You may be celebrating in a less traditional manner, with long tables instead of round. In lieu of the Asian VIP table, Western wedding receptions feature a sweetheart table or a head table. The sweetheart table is a cosy two-seater table where the bride and groom sit alone, facing their guests. The head table is more similar to the wedding VIP table, and is a long table seating the couple, their bridal party, and their immediate family, facing the rest of the guests. With long table seating, you may choose to sit on your own at a sweetheart table, or invite your parents and immediate family to sit with you at a head table, facing your guests. The bride and groom sits in the middle, with their families to either side.Bold Glamour: Duxton Reserve Wedding Styled Shoot by Iki Company
No VIP table
Don’t want the headache of deciding who sits at the VIP table? If you’re hosting a more casual wedding reception with long horizontal or vertical tables only, you may decide to do away with the idea of VIP or head tables entirely. Then, you won’t need to dedicate a long table with only one row of seats facing your guests. Why not sit in the centre of the room where you can be in on all the action, or simply choose the middle seats at the table nearest the front of the room? Seat your most important guests near you, and enjoy the party!Light-Filled Modern Avant-garde Glasshouse Styled Shoot at 1-Atico by Iki Company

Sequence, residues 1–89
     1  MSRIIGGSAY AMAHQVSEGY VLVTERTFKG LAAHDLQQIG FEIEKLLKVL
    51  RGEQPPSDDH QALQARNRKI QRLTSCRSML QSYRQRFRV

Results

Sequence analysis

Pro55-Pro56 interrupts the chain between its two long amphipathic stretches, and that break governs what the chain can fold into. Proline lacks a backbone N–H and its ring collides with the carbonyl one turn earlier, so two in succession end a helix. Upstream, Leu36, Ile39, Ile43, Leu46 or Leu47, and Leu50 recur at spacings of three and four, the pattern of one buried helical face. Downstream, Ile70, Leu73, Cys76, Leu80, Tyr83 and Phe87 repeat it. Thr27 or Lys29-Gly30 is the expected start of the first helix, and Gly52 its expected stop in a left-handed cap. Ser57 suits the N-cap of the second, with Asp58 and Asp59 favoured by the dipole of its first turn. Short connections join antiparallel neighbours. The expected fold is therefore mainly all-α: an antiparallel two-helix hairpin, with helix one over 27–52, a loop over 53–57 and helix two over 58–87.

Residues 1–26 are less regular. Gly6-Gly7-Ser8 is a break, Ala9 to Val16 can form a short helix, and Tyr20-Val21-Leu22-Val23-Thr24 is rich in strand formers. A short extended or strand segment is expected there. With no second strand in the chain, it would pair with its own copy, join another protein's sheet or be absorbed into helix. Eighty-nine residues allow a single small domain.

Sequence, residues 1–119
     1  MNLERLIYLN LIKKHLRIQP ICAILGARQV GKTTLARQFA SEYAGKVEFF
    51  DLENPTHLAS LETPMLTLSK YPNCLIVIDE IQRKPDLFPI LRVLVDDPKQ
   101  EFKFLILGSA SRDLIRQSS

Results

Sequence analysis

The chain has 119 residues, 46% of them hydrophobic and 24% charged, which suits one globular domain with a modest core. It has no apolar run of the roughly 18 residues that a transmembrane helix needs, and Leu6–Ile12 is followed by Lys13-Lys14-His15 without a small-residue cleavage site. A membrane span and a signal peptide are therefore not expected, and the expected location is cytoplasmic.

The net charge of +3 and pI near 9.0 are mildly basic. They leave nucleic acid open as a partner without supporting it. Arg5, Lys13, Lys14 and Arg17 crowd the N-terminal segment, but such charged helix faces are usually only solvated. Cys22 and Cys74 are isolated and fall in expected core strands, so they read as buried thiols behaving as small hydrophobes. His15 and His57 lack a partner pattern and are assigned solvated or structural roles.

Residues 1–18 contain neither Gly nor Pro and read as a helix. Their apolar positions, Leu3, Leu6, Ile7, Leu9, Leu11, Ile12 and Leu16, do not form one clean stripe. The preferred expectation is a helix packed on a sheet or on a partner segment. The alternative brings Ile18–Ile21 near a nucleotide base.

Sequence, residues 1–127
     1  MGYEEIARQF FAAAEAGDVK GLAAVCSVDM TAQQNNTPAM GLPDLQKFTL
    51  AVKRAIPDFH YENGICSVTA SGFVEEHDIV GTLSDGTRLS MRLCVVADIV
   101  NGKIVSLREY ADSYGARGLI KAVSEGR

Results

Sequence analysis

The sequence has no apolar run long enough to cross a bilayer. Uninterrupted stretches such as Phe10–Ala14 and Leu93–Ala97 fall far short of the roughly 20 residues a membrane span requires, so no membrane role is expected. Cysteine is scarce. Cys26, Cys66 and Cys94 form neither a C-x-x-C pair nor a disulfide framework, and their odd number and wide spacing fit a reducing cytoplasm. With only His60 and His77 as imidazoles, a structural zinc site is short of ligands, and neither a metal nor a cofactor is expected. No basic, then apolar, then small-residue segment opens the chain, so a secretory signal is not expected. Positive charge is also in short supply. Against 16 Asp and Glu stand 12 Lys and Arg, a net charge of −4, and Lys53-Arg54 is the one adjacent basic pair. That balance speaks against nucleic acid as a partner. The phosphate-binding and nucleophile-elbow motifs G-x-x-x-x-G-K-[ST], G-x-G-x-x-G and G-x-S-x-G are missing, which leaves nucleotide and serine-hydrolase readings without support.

Other wedding table seating etiquette
Besides the VIP tables, there are a whole lot of other tables to plan and arrange! A general rule of thumb when planning your wedding seating chart is to seat the more important guests near the front of the room. With your parents at the VIP table, you’ll probably seat the next most important guests at the tables nearest the VIP table, such as your grandparents, elder relatives, and family. If your parents have invited guests, you can let them know which tables you’d like to allocate to them, and let them arrange the seating themselves. Couples often reserve the front or middle of the room for the rest of their families, and seat younger guests or friends nearer the back.
You should also consider things like not seating elderly guests too near the speakers, or seating guests in wheelchairs nearer to the exits so it’s more convenient for them to manoeuvre as needed.
Thinking of playing matchmaker? Putting all of your single friends at one table could lead to a lot of embarrassment and awkwardness. Instead, group guests by categories and try to make sure that everyone is sitting with people they already know and are comfortable with, or who have similar interests.
You could also consider not filling every table to capacity. After all of your follow-up calls to confirm RSVPs, arrange and rearrange your tables, and printing out of charts for your receptionists, you’ll probably still encounter guests who turn up without an RSVP, guests who bring a plus one, or guests who arrive with children you didn’t invite. Those empty seats could come in really handy when you need to slot a guest in at the last minute.
Arranging the wedding seating chart can be stressful. Cut yourself some slack and remind yourself that even the perfect seating chart could need alterations on the day of the wedding. If something crops up on your wedding day, take a deep breath and be flexible! After all, all of your guests are taking time out to celebrate this most special of days with you.
Credits: Feature image from Yvonne and Adam’s Stunning Floral Garden Wedding in JAAN by Maritha Mae Photography